ORIGIN early 19th cent.: from the name of J.W. von Goethe + -ite

tsar/czar – ORIGIN from Russian tsar’, representing Latin Caesar.

Found a series: einsteinium, nobelium, etc.

That's fun.

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Elements in the periodic table are lower cased by convention, so they were never initially capitalized. –  Scott Mitchell Feb 22 '11 at 21:41
    
Not in my native language ;-) you're right, that's why I wrote 'series'. –  thyx Feb 22 '11 at 21:51
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This answer may have some applicable words, but it doesn't read well at all. –  JYelton Feb 22 '11 at 23:40

The one I can think of off the top of my head are "cartesian," as in cartesian plane, named after Rene Descartes. My second though was "hermaphrodite," but that's not exactly named after a person...

I also found a really big list of these "eponyms." Many of them are not capitalised.

http://foxdreamer.tripod.com/page2.html

Have fun! :)

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Thanks for sharing. Interesting side-note: I don't recall ever not seeing Cartesian capitalized, at least not in my university textbooks. –  Scott Mitchell Feb 23 '11 at 0:23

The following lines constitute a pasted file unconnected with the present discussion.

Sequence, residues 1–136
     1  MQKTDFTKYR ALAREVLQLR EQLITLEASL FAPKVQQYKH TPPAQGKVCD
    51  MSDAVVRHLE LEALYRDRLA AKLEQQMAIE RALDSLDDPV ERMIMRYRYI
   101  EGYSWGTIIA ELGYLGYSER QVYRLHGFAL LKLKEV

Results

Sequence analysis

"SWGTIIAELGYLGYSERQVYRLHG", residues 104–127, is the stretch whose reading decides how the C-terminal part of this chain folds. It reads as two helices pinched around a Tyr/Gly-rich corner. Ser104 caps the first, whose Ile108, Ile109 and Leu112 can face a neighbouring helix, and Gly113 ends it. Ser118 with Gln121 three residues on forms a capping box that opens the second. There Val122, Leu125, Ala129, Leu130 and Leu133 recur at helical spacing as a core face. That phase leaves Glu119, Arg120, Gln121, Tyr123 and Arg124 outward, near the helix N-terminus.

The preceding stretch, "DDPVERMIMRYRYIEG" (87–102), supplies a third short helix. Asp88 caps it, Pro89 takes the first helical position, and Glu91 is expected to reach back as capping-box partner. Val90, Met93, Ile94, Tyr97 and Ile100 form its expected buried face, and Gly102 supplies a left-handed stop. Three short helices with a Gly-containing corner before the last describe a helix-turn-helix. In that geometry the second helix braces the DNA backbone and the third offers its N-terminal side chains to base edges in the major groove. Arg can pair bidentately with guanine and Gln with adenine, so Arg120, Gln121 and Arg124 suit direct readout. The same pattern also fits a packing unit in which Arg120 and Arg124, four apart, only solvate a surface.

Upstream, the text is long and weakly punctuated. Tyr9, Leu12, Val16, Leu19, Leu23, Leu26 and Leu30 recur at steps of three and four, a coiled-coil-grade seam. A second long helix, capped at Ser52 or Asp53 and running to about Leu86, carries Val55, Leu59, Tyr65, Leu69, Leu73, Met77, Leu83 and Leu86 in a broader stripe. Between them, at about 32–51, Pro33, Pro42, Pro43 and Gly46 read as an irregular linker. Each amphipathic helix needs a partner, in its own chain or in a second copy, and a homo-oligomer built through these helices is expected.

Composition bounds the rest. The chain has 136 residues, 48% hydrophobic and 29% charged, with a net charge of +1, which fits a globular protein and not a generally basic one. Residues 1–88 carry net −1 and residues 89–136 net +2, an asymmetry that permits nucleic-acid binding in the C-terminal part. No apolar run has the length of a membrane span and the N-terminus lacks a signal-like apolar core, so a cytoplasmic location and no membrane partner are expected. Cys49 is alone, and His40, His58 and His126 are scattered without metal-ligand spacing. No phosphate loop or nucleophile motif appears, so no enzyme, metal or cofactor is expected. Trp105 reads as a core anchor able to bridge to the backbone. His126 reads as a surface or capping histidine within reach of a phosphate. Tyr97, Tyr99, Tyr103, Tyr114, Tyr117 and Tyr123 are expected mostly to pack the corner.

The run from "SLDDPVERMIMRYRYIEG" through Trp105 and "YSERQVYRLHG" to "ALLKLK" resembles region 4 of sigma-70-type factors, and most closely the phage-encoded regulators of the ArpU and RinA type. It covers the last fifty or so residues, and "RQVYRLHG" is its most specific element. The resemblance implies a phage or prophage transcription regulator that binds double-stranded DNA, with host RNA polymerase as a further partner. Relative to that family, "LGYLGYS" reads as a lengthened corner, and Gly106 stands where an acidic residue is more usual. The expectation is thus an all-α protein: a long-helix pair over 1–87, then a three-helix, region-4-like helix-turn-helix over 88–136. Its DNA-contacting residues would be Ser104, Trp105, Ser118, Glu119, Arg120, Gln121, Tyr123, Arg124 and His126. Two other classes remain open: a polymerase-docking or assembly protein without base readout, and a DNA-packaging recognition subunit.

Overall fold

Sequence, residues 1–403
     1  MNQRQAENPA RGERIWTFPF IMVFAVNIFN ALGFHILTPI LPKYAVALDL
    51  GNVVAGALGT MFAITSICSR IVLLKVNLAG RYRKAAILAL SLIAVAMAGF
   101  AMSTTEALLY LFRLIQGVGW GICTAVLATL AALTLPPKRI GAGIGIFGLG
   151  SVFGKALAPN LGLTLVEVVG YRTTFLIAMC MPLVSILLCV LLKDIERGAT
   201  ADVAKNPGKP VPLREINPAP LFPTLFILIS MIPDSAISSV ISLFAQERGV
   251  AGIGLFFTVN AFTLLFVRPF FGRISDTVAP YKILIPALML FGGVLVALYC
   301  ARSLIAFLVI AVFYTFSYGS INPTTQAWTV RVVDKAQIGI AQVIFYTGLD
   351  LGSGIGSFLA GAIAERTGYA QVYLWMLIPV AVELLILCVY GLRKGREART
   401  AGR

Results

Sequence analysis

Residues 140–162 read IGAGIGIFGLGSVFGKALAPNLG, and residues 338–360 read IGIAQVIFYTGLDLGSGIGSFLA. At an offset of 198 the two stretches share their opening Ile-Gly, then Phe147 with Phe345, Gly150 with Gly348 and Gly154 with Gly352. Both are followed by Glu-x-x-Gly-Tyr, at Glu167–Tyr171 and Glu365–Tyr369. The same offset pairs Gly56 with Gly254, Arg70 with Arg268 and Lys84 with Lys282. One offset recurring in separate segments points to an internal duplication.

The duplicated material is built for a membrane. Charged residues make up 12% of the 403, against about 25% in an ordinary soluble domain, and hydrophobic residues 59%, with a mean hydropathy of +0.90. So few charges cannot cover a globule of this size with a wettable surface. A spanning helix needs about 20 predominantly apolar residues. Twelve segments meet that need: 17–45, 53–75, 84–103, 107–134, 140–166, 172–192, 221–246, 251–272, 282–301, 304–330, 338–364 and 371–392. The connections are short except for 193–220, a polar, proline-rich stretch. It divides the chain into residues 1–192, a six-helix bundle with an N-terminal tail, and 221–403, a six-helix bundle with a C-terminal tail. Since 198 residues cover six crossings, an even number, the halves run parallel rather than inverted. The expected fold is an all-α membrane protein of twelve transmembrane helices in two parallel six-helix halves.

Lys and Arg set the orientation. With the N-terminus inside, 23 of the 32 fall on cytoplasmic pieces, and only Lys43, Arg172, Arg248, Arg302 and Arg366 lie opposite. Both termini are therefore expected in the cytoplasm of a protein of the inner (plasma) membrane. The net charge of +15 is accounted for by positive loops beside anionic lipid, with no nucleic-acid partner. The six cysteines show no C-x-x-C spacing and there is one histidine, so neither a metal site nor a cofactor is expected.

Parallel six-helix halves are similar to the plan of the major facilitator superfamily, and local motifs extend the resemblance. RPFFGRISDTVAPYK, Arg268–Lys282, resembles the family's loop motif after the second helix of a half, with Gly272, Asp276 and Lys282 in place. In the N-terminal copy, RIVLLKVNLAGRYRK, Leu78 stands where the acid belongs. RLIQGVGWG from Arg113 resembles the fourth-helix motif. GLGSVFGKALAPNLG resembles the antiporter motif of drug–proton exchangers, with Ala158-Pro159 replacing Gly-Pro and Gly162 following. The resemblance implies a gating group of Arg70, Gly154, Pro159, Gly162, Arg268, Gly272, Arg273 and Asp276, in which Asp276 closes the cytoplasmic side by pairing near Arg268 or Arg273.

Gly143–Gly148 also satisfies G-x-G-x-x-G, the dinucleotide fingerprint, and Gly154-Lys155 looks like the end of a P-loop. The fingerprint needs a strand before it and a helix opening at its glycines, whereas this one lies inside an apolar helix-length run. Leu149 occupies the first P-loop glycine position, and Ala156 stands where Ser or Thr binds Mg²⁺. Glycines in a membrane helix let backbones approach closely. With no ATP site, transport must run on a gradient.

I guess cartesian goes both ways, then. I rarely see it capitalised. Weird. –  kitukwfyer Feb 23 '11 at 0:51

I found out two last night, watching Melvyn Bragg's excellent series about the English language.

  • "orrery" was named for the Earl of Orrery, who funded the making of the first modern one.

  • "johnson" for the male organ, reportedly named for Samuel Johnson during Jane Austen's time because 'he would stand up to anybody'.

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If we can count orrery, we should probably count sandwich too (named after the Earl of Sandwich). –  TMN Mar 7 '11 at 13:47

A herculean task (only capitalized if it refers to one of the actual tasks of Hercules)

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narcissus.

Try some personal names:
(Oh, peter, too)

louis |ˈluwəs| |ˈluwi| (also louis d'or )
noun (pl. same)
a gold coin issued in France between 1640 and 1793.
• another term for napoleon (sense 2).
ORIGIN from Louis, the name of many kings of France.

joe |ʤoʊ|
noun informal
1 coffee. [ORIGIN: 1940s: of unknown origin.]
2 an ordinary man: the average joe. [ORIGIN: mid 19th cent.: nickname for the given name Joseph; compare with Joe Blow.]

john |dʒɑn|
noun informal
1 a toilet.
2 a prostitute's client.
ORIGIN early 20th century (sense 2): from the given name John, used from late Middle English as a form of address to a man, or to denote various occupations, including that of priest (late Middle English) and policeman (mid 17th century).

Other physical units, e.g.

henry |ˈhɛnri| (abbreviation: H)
noun (plural henries |ˈhɛnriz| or henrys |ˈhɛnriz|) Physics
the SI unit of inductance, equal to an electromotive force of one volt in a closed circuit with a uniform rate of change of current of one ampere per second.
ORIGIN late 19th cent.: named after Joseph Henry (1797–1878), the American physicist who discovered the phenomenon.

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Don't be a dick... –  Malvolio Feb 22 '11 at 22:53
    
All physical units named after a person are lowercase when spelled out (to avoid confusion with the person) but uppercase abbreviations. –  mgb May 30 '11 at 22:12